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There are many mysteries in this life: Why are we here? Where are we going? Why did we really invade Iraq? And what does a Scotsman wear under his kilt?
Only the last of these questions has an empirical answer, and that is supplied by this avant guarde capella. Two young girls happen upon a Scotsman who is sleeping under a tree having over-indulged in the local tavern. Deciding to answer the question themselves, they lift his kilt, and before going on their way they leave him a token of their appreciation, a ribbon tied around you know what. When the Scotsman awakens and answers a call of nature, he thinks he has won first prize in some (bizarre) competition.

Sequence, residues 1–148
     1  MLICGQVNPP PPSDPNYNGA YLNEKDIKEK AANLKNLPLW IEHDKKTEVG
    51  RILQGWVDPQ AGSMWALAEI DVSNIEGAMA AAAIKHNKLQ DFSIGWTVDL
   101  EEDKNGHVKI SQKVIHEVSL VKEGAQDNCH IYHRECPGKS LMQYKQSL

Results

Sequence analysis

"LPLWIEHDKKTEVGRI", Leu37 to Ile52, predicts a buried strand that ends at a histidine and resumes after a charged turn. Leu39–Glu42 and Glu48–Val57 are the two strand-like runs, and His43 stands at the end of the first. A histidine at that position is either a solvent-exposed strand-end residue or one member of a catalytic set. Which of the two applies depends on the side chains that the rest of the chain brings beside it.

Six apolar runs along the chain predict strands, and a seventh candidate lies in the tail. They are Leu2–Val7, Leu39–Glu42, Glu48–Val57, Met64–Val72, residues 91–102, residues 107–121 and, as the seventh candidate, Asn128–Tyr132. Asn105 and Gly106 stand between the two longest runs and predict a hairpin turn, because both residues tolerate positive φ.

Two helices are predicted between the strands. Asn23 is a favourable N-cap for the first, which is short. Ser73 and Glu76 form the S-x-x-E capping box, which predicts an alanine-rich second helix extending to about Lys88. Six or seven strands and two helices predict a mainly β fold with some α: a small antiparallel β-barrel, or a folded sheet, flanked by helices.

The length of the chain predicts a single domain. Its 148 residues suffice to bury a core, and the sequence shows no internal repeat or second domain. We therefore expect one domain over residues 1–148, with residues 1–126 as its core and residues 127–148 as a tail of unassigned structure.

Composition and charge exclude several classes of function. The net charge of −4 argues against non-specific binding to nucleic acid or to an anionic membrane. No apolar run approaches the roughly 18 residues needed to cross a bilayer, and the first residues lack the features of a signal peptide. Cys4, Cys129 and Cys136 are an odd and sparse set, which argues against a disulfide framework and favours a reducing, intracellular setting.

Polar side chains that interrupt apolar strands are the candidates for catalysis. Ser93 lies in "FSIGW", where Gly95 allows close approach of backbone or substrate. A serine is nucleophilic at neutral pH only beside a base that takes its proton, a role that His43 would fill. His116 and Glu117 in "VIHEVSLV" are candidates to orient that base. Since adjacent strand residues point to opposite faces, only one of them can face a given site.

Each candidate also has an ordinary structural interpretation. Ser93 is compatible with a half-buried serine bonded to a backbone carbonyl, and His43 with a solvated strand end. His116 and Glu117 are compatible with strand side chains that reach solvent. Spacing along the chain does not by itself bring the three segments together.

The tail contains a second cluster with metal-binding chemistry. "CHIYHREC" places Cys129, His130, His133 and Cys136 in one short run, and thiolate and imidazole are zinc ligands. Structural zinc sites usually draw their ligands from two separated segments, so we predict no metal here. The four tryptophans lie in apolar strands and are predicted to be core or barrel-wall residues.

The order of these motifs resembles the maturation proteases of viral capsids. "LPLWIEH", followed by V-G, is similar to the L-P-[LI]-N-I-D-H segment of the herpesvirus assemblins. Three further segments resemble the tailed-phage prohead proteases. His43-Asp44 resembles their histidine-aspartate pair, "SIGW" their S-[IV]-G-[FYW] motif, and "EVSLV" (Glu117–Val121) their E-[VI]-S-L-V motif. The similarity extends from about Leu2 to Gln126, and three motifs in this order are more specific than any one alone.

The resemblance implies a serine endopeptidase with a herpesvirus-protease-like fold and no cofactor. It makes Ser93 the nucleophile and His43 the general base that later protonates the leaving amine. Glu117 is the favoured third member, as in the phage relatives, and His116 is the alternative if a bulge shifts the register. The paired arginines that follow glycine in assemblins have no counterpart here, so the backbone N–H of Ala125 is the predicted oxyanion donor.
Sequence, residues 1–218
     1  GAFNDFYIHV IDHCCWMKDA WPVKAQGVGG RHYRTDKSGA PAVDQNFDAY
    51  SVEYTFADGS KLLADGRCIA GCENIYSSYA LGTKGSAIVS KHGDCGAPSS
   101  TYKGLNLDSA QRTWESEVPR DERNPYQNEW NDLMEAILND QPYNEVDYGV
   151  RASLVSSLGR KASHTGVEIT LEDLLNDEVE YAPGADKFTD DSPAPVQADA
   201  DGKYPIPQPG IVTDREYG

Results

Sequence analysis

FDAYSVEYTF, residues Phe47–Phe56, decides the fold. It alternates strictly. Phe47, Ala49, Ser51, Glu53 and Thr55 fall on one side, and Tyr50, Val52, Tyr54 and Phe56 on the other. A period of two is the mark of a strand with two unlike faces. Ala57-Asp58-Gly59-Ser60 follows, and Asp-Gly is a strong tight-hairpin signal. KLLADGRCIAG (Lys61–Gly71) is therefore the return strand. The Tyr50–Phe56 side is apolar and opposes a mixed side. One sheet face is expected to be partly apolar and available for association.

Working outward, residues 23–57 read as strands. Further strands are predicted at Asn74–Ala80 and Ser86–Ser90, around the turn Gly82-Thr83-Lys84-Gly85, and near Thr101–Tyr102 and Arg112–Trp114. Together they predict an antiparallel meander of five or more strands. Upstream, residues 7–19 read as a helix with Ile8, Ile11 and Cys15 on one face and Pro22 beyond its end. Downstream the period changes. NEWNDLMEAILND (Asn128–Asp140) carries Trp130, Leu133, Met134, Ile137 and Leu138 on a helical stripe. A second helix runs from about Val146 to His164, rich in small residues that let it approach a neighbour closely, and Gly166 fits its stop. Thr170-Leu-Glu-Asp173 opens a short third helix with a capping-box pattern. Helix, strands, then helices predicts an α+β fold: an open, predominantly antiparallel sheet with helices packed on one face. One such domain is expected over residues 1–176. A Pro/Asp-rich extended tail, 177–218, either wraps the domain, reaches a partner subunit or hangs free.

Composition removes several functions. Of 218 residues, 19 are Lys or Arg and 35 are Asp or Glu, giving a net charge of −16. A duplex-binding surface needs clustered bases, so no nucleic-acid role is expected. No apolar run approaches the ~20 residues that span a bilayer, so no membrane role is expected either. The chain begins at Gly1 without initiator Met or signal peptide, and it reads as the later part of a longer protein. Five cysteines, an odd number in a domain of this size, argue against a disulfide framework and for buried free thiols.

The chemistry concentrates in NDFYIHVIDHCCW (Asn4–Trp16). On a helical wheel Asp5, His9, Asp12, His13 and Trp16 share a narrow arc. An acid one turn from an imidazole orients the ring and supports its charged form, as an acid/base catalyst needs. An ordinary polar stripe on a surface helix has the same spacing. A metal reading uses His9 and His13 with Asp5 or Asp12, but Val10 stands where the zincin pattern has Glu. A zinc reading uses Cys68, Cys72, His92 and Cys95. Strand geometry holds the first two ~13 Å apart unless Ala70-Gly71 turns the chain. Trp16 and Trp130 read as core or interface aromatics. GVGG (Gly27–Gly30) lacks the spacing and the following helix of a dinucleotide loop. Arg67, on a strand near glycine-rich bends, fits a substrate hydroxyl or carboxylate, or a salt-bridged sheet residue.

Although most Scotsmen would approve of the sentiment, "The Scotsman Song" was actually written by an American, Mike Cross. The original recording, with instrumental accompaniment, runs to 2 minutes 41 seconds. The unquestionably superior capella - recorded before an approving audience - is by fellow American Bryan Bowers - and runs to around 2 minutes 26 seconds.
It is also known as "The Drunken Scotsman", "The Drunken Scotsman Song", etc. (thanks, Alexander Baron - London, England, for above 2)
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